This 5-minute article provides a clear definition of brand purpose, as well as explaining its importance in contemporary brand development. The article reveals how any organisation can develop its own brand purpose statement, and the issues that will determine its success – or failure.
Quite simply, brand differentiation is everything. An undifferentiated brand doesn’t stand out amongst its competitors and doesn’t come readily to mind.
The best way to create real differentiation is through innovation. This can be at the product or service level (think Dyson) but it can also be in relation to the brand’s channel or distribution strategy (think Uber) or the nature of the customer experience that is provided (think Ikea).
And differentiation doesn’t have to rely on physical innovation at all. Marketers create brand differentiation and stand-out via the creative articulation of the brand’s value proposition and the creativity of its advertising and marketing communications.
During the last 10 years, marketers have had another means of differentiating the brand – through brand purpose.
What is brand purpose?
A brand’s purpose is its overarching raison d’être – the ‘higher purpose’ that acts as its reason to get up and go to work in the morning. Typically, it is linked to a social or environmental issue that has relevance far beyond the brand’s narrow target audience and commercial focus.
At this point in any article focussing on brand purpose, it is often Unilever’s Dove body care brand purpose that is used as the example.
Dove declares its brand purpose as;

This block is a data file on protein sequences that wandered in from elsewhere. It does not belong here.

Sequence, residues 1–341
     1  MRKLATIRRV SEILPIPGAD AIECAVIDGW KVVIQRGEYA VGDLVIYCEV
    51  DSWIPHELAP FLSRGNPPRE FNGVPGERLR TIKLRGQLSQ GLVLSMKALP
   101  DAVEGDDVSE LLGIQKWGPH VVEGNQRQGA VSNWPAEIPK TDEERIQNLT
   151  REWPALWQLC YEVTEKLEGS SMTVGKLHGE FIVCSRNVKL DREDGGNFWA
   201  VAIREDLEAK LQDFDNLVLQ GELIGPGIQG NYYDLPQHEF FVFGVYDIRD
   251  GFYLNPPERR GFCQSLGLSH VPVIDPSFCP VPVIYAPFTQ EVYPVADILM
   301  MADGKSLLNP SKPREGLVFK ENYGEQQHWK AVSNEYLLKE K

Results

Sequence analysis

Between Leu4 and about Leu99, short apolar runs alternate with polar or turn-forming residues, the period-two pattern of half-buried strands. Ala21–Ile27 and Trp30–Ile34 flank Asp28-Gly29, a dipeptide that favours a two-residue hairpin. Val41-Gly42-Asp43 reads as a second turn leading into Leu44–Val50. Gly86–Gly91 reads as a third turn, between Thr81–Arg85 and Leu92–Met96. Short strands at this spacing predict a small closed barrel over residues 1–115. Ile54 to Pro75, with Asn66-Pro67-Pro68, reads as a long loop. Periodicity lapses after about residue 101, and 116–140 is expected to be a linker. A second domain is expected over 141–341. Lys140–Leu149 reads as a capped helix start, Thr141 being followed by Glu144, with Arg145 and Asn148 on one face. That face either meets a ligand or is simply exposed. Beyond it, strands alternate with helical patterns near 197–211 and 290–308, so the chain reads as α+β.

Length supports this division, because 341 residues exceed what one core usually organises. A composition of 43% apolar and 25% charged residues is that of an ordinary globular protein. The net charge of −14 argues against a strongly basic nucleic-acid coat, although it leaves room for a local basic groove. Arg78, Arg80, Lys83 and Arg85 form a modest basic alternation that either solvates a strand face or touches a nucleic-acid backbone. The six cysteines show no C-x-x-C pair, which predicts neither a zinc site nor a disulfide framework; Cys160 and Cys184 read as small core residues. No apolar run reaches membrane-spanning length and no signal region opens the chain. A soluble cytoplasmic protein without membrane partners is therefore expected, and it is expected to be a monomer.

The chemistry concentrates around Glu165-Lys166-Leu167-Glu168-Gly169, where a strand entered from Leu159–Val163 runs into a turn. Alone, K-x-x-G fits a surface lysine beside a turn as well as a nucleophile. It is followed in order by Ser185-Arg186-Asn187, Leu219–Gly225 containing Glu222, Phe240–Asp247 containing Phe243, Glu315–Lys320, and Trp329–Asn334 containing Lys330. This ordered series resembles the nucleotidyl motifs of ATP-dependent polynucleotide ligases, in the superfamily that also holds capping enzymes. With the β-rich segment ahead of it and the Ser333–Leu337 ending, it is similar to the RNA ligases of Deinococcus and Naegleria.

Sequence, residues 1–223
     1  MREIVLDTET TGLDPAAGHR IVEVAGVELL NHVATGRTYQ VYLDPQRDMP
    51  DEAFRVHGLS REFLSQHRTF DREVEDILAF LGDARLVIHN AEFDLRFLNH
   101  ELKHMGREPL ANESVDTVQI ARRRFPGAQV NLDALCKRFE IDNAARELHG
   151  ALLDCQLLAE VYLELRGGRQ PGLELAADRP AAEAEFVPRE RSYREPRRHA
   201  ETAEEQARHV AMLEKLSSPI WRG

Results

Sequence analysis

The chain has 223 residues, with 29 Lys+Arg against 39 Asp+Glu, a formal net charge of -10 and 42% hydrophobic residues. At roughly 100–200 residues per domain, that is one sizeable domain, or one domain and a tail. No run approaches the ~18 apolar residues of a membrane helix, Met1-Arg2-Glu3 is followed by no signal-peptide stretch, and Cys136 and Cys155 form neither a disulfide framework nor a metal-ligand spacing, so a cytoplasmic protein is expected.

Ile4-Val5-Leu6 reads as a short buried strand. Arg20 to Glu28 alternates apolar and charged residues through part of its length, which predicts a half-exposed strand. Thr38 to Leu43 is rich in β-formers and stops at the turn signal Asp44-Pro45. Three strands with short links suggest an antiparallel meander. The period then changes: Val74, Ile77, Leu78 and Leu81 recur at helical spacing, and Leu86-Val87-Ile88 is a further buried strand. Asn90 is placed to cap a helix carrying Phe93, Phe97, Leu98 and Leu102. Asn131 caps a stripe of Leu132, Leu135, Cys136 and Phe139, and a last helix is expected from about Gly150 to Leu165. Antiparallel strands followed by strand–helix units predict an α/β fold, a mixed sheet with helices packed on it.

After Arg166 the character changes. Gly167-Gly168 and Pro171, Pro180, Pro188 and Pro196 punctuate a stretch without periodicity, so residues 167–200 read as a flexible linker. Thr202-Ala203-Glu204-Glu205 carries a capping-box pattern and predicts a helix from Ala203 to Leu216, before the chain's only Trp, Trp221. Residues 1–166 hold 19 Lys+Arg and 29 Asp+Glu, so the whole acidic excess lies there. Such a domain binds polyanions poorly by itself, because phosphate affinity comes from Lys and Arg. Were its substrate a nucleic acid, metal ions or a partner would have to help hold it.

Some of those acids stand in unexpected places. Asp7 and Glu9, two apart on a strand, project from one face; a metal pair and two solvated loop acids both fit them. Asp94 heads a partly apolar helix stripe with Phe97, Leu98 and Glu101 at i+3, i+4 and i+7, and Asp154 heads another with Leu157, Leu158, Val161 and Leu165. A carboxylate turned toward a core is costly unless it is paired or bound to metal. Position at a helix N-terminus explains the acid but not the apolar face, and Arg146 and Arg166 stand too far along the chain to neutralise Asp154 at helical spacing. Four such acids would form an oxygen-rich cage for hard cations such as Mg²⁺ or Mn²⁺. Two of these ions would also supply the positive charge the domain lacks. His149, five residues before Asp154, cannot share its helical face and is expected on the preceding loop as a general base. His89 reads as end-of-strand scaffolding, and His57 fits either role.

Discovering the value of ‘real’ beauty and improving self-esteem worldwide
Dove’s aim is to help change society’s highly damaging view of what constitutes beauty, thereby helping to address the self-esteem of millions of people globally.
The reason that the Dove example is cited so often is that it isn’t just paying lip service so that it can jump on the brand purpose bandwagon. Dove uses its advertising to challenge stereo-typical views of beauty in a way that is confrontational and by doing so it forces consumers to challenge their own pre-conceptions.
The brand has also created numerous campaigns designed to help women boost their self-esteem.
In addition, Dove has partnered with Getty Images to build a photo library of over 11,000 images of individuals who identify as female or non-binary. The initiative is known as Project #ShowUs and the images are available to media companies and advertisers to use in their campaigns. So far, over 3,000 of the images have been licenced.
Of course, one could argue that this is no more than a self-serving marketing strategy. Well, yes, it is self-serving but, on the other hand, which commercial enterprise is going to pursue a marketing strategy that actively undermines its brand!
What Dove has managed to do very successfully is identify a brand purpose which enables it to pursue its own commercial agenda whilst at the same publicising and helping to address a social issue of global significance.
But why is having a brand purpose so important today?
Well, the cynical view is that it’s important because if Brand A promotes a brand purpose, brand B must promote one too, or suffer by comparison.
In reality though, it’s because today’s consumers have simply moved on. Gen Z and Millennials in particular expect brand authenticity and they want the brands they buy to reflect their priorities. Moreover, empty words are no longer enough – they also expect their brands to back their words up with actions.
And it’s a trend that isn’t going to change any time soon.
According to a global, 2018 survey by Accenture, 66% of consumers think transparency is one of the most attractive qualities in a brand. This includes transparency about where the brand sources its materials and what it cares about beyond profit.
In the same survey it was also reported that 62% of consumers want companies to stand up for the issues they are passionate about.
- A 2019 survey by Stackla revealed that 86% of consumers (particularly Gen Z and Millennials) regard brand authenticity as a key factor when deciding which brands to patronise.